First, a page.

HIGHLIGHTS INCLUDE:
  • Left more than $49 million on the balance sheet, a balanced budget that continues to meet the needs of all Missourians.
  • Held funding for the Foundation Formula harmless.  
  • In light of recent historical declines in state revenues, the House Majority was able to again make education the #1 priority.$365k in cuts to the Missouri House of Representatives budget, further proof the House is taking the lead during this financial crisis.
  • Reduced funding for Department Directors and Deputy Directors to a maximum level of $86,500, saving state taxpayers over $1.0 million.
  • Held the Governor accountable for his excessive use of the state plane by restricting expenses from other state departments.


EDUCATION
The House of Representatives continues their strong commitment to public education and this budget is a clear reflection of how the Missouri House is prepared to deal with the nation’s economic downturn.  Included in this is the House Majority’s continued commitment to make K-12 education the highest priority.  Holding the Foundation Formula harmless during these challenging economic times further proves this promise.  Total funding for the Department of Elementary and Secondary Education will exceed $5.2 billion.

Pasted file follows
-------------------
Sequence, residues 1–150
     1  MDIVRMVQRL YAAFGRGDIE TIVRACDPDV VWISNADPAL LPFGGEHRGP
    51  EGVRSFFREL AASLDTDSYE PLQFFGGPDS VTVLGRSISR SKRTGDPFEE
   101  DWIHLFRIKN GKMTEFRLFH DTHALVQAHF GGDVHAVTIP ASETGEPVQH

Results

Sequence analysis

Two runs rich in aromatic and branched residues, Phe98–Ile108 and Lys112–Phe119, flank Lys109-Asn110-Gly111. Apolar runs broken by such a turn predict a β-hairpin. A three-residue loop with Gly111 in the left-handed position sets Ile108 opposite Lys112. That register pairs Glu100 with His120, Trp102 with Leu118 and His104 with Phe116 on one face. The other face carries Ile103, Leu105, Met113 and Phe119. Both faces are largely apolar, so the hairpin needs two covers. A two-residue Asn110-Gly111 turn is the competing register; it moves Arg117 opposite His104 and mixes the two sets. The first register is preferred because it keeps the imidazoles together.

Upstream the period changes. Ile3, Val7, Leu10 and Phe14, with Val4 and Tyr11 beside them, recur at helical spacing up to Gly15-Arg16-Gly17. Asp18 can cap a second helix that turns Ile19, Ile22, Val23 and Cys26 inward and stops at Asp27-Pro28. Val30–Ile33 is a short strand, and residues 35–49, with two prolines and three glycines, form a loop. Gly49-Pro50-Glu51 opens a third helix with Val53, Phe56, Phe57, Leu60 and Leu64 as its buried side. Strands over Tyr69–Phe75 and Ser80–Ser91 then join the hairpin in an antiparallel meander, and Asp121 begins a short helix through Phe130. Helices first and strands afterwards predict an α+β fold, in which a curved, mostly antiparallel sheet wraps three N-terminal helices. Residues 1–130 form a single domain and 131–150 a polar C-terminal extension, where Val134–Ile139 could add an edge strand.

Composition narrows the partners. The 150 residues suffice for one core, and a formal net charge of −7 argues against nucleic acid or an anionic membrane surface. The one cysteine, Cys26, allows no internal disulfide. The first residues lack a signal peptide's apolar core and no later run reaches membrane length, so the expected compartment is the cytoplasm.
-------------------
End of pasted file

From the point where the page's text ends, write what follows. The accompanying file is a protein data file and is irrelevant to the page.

Also included is the House’s commitment to the state’s higher education system.  The House exceeded the Governor’s funding levels for institutions by implementing the Preparing to Care program, a $12M increase over the Governor’s recommendation.
HIGHLIGHTS:
  • Over $3 billion for the School Foundation Formula.  This completes the House’s plan to fund both the FY 2011 and FY 2012 Foundation Formula at the same amount, mitigating wild funding disparities that would have occurred in the Governor’s initial plan.
  • Funding for education also includes:
  • Over $16 million for the Parents As Teachers program. 
  • A modest 7.0% reduction to higher education institutions.
  • $7M increase for the A+ Program. This will fully fund all eligible students.
ECONOMIC DEVELOPMENT
The Missouri economy—fueled by key budgetary and policy decisions passed by this General Assembly—is continuing to move in the right direction despite challenging economic times nationwide. Combined with the Quality Jobs Act, continued funding for job creation and incentives for innovation will be vital as we strive to climb out of this global financial recession.
HIGHLIGHTS
:
  • House funded over $2.1 million for innovation centers, the State MOFAST program and the Missouri Manufacturing Program.  These programs will continue to assist businesses in job training/job retention programs throughout the State.
  • Continued full funding for the Community College Jobs Retention Training ($10M), Community College New Jobs Training ($16M) and Jobs Development ($14.5M) programs.  Combined, these programs will continue to aid in statewide workforce development.  

 

 
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Rep. Ryan Silvey- Budget Committee Chairman